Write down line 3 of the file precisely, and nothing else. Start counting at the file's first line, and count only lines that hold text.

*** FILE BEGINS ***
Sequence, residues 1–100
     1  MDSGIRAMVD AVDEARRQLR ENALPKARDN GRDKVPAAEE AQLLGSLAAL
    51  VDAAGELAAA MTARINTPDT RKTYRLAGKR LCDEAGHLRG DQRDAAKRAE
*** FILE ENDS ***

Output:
    51  VDAAGELAAA MTARINTPDT RKTYRLAGKR LCDEAGHLRG DQRDAAKRAE